Cordially,
Mike
 

Erik Wood

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Mike,

You are very accurate in your accounts of the port list. However, it is missing two key elements. Once the water was evened the ship would again "loll" to the starboard side. As the ship went down the harder she would lean until she would eventually capsize. That is what the computers tell me anyway.

The main reason I think there may be something to the ballasting is because no other passenger ship that has sunk, sunk on an even keel. They all leaned to the side that was damaged. Then eventually rolled over. The hole in the base of the firemens tunnel was the conduit that gave the water free access to the entire ship. Flooding would have been speratic or not consistent. Doors would have temporarily stopped it at certain points. Then not at others. The majority of the water was coming from the center line in way of the firemens tunnel and eventually up and through in Boiler Room 6. There isn't a real reason for a list.

Unless, you start adding ballast to damaged compartments. In reality Bell had no idea what tanks forward of Boiler Room 6 where intact. The tanks could have had open seems meaning pumping water from outside in, would result in more flooding because it was given free access to the ship.

I am still on the very shaky ground of contending that the list immeidatly following the incident (i.e. when Smith had his conversation with Murdoch and Boxhall on the bridge) was not due TOTALLY to flooding. 8 feet of water in a compartment in a little over 10 minutes is nothing catastrophic, especially if it is watertight. Or at least watertight enough to contain the water for a good hour or so. Which it did. Besides for the most part the water in boiler room 6 was entering through a seem that was probably no more then an 1 inch tall. May have been 10 feet long who knows but not this big gapping hole that some think Barret identifies in his testimony. It would have been very intimidating. I have been in a empty cargo hold when a water main broke and I thought I was gonna die.

To be truthful there is no evidence that ballasting took place, but there isn't any evidence that it didn't either. If it was done the decision was made and it was underway by 1210 that night. If for no other reason then to keep the boat deck as even as possible to prevent loosing half the boats such as the case on the Andrea Doria/Lusitania/Britanic etc. Smith may have wanted a more stable platform to assist in his evcuation.

I have already shot down several parts of that theory but I am letting it float a little longer as I am still awaiting some other folks to get back to me.

Erik
 
Jan 5, 2001
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Firstly, an apology for this info. being so late.

<FONT COLOR="ff0000">Some renewal is always occasioned by corrosion, but what we want to know is if there were "nodal points" on the hull that accumulated strains over time sufficient to require renewal of the rivets. This might lead to some interesting conclusions about the hull being greatly strained over a short period of time, as with Titanic.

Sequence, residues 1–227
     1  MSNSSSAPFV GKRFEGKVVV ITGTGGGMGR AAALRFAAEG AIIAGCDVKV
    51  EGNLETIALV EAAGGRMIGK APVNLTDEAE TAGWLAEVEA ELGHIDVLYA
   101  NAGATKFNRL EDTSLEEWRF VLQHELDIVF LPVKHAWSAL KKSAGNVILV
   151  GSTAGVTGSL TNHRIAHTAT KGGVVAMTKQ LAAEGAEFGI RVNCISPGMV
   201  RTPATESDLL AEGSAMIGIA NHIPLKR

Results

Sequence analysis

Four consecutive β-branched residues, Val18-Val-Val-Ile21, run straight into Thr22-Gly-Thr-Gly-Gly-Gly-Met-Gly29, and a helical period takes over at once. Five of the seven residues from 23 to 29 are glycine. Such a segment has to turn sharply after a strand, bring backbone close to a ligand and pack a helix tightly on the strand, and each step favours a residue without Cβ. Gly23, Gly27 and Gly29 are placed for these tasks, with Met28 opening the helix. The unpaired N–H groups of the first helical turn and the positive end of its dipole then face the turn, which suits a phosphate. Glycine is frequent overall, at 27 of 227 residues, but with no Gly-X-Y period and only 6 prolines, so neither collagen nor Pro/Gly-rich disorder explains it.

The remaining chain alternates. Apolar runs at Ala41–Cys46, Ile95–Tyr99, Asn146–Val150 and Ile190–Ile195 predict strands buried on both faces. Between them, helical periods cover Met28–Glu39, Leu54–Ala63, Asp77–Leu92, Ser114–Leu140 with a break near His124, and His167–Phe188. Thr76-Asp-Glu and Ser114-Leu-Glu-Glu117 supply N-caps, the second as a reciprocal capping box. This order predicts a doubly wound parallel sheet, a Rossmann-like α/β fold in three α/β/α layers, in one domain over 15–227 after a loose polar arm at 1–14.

As far as I can tell, there weren't really any 'nodal points' on the hull where rivets specifically needed renewing. All I can think of is the stern frame, but the new stern frame after 1926 was not as sound as the old one. Even so, it didn't need that many rivets replacing, only needing one hundred changed at the 1932 survey, which doesn't sound much compared to Berengaria's renewal of TWO THOUSAND rivets during 1933 or 1934. Even when over-fatigued plating at B-deck level occured, the rivets there were noted as still 'appearing quite tight' in those areas, but the 1931 welding brings me memories of some loose rivets near the aft expansion joint.

<FONT COLOR="ff0000">Also, were there ever cases of the automatic WT doors requiring major servicing?...Was it troublesome, or did it perform well for the life of the ship.

I'm not aware of any doors needing major servicing. That doesn't mean it didn't happen though, as there wasn't much on the WT doors. Even Olympic's final four-year freeboard, etc. certification of 1933 didn't to my memory recall any WT door trouble.

It may be of interest to state that there was some wastage in the material of starboard tank space 9 (?) in the double bottom of a minor nature, but that was overcome by good maintainance and I take it was common in a twenty year old vessel?

Best regards,

Mark.
 
Dec 4, 2000
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Mark -- everything you provided regarding Olympic's condition seems perfectly normal for a vessel of its age, construction, and historic period. Wastage of tanks is so common that it is pretty much expected, even today.

It's not surprising that you found no mention of the WT doors. They probably worked well throughout the ship's life as they were essentially vertical shutters.

As I look at the later reports regarding Olympic's condition, I see a vessel that has all of the problems of advanced age. That does not mean, however, that it was not capable of making safe voyages. But, repairs were becoming more and more necessary, the ship had an old-fashioned power plant, and an even more old-fashioned interior layout. I can see why the then Cunard-White Star management elected to scrap "Old Reliable."